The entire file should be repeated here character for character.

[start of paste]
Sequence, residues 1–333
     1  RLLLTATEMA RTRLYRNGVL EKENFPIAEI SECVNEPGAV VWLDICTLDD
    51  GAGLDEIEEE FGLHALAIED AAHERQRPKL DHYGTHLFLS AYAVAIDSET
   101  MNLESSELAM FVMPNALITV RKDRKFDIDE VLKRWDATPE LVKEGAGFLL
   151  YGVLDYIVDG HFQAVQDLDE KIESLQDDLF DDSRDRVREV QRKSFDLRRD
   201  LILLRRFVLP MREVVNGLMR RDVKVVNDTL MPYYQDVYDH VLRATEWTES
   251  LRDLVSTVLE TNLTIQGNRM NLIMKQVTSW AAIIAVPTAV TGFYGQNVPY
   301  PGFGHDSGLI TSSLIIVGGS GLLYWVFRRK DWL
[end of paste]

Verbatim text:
Sequence, residues 1–333
     1  RLLLTATEMA RTRLYRNGVL EKENFPIAEI SECVNEPGAV VWLDICTLDD
    51  GAGLDEIEEE FGLHALAIED AAHERQRPKL DHYGTHLFLS AYAVAIDSET
   101  MNLESSELAM FVMPNALITV RKDRKFDIDE VLKRWDATPE LVKEGAGFLL
   151  YGVLDYIVDG HFQAVQDLDE KIESLQDDLF DDSRDRVREV QRKSFDLRRD
   201  LILLRRFVLP MREVVNGLMR RDVKVVNDTL MPYYQDVYDH VLRATEWTES
   251  LRDLVSTVLE TNLTIQGNRM NLIMKQVTSW AAIIAVPTAV TGFYGQNVPY
   301  PGFGHDSGLI TSSLIIVGGS GLLYWVFRRK DWL